After months of dropping hints and dodging specifics, Matthew McConaughey has finally announced his much-speculated-about plans for the Texas governor race: He won't be running in it.
The Oscar-winning actor and best-selling author broke the news in a three-minute video posted to Twitter on Sunday night. He mused about what he learned from studying Texas and American politics over the last several years, before pledging to be of service in other ways.
"As a simple kid born in the little town of Uvalde, Texas, it never occurred to me that I would one day be considered for political leadership," McConaughey said. "It's a humbling and inspiring path to ponder. It is also a path that I'm choosing not to take at this moment."
The announcement comes just over two weeks before the candidate filing deadline for the Texas primary.
McConaughey said he's spent the last two years exploring the question of how he can be most useful to himself, his family and the greatest amount of people, and considered running for Texas governor as one means of service.
That fact-finding mission was a very public one. As recently as early October, McConaughey spoke of keeping his options open, telling NPR in a Twitter Spaces conversation that "I am not — until I am."
He also didn't specify which political party he would align with, nor did he answer listener questions about his stance on hot-button issues like the state's restrictive abortion law and Amazon workers' unionization efforts. He did offer some of his signature "bumper sticker" philosophies on life, as NPR reported at the time.
McConaughey's announcement video was punctuated with similar platitudes, as he offered his insights into the current political landscape. Those include:
- "We have some problems we need to fix."
- "Our politics need more purpose."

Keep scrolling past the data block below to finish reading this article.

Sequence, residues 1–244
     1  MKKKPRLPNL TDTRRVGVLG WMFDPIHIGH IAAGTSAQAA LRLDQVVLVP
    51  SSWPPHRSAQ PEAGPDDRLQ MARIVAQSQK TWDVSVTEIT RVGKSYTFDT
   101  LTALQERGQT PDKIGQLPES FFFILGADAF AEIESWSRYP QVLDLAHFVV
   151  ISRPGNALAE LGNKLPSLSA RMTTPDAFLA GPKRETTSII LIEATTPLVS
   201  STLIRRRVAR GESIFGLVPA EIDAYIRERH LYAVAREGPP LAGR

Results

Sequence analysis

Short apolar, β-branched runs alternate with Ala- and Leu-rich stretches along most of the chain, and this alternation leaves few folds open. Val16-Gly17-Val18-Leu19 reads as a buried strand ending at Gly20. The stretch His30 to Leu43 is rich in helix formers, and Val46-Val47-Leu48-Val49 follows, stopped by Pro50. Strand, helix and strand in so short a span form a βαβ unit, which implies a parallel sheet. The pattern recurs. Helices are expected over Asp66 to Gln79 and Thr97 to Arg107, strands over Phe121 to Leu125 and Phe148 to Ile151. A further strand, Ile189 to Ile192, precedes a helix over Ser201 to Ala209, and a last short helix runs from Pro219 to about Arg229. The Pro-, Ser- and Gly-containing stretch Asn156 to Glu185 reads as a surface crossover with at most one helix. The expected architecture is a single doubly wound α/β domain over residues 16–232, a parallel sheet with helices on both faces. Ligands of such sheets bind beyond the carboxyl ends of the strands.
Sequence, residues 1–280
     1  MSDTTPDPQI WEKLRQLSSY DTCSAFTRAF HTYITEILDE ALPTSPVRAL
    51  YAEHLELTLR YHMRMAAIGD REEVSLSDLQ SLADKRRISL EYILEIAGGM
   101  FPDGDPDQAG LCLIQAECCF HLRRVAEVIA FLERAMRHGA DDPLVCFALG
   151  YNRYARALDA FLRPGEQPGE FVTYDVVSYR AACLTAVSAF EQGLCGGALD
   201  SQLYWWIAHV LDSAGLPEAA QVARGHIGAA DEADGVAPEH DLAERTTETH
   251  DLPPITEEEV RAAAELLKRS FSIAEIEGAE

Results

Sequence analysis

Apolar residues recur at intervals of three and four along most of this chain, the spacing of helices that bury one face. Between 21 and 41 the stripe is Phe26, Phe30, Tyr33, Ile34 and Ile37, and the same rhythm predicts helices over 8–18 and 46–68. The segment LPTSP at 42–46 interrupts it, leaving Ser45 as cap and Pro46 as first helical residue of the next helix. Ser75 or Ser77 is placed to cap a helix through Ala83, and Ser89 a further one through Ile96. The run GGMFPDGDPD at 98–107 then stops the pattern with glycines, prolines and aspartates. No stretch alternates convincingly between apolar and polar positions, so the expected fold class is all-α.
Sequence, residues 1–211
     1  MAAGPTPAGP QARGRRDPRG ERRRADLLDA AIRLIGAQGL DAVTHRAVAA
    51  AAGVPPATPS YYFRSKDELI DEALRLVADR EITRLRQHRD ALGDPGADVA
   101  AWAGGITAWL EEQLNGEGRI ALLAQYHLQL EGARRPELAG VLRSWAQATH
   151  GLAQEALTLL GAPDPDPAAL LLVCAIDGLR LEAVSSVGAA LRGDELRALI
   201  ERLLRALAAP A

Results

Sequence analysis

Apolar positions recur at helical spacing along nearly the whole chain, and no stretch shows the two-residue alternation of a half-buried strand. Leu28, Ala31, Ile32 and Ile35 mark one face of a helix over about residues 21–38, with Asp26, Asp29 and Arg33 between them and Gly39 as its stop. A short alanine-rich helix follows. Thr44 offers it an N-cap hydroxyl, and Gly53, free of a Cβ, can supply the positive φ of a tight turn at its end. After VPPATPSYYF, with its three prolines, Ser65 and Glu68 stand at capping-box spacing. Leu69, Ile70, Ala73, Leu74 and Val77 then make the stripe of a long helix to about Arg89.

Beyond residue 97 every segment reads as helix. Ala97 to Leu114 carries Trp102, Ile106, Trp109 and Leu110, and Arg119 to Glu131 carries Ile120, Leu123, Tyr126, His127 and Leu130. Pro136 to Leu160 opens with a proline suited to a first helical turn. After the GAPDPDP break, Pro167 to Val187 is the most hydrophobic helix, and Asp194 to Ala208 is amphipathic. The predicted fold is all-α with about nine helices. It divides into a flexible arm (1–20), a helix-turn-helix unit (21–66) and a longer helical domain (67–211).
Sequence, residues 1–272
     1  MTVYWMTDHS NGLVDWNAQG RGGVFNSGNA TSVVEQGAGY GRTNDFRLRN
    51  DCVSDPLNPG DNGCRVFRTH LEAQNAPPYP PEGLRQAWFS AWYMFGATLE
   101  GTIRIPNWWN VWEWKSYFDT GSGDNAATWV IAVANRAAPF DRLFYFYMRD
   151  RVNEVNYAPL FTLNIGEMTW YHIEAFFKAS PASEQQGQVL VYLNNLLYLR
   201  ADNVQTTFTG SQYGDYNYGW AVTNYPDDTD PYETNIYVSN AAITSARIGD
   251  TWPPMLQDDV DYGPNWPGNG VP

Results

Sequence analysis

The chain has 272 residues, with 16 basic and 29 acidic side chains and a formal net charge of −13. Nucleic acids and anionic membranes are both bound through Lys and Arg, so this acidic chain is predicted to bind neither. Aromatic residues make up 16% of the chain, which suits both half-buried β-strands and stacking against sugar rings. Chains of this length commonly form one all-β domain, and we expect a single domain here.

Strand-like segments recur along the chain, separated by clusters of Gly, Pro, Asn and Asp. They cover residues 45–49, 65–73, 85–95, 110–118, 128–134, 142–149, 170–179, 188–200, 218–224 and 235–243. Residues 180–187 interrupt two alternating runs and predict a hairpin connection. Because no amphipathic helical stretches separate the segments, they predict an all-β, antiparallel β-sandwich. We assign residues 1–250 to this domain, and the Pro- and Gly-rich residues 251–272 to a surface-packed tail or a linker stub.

- "We need more trust in our lives."
- "Our children are our greatest asset."
- "Freedom comes with responsibility."
- "Great leaders serve."
He added that people lead by serving each other, whether they are politicians, CEOs, star athletes, teachers or family members. "Service is taking on responsibility today so we can have more freedom tomorrow," he said. "Service is making the better choice for you and for me. Service is the investment we make in ourselves."
McConaughey said he would continue this work by investing in entrepreneurs, businesses and foundations that he sees as leaders. He didn't name any particular organizations, but said he would focus on establishments that "are creating pathways to help people succeed in life" and "have a mission to serve and build trust while also generating prosperity."
He concluded by saying that good politicians can be a part of this effort, but "they can't do anything for us unless we chose to do for ourselves."
McConaughey's potential entry into the governor's race had attracted national attention and considerable local support, with some earlier fall polling showing him leading Republican Gov. Greg Abbott, who is running for a third term.
McConaughey has faced criticism for recent comments he made about COVID-19 vaccine requirements for children, saying earlier this month that he "couldn't mandate having to vaccinate the younger kids." He later clarified in an Instagram story that he had been referring to 5 to 11-year-olds and said that his 13-year-old son was fully vaccinated.
Abbott will face several challengers in the Republican primary. And earlier this month, former Texas congressman and 2020 presidential candidate Beto O'Rourke became the first Democrat to join the contest.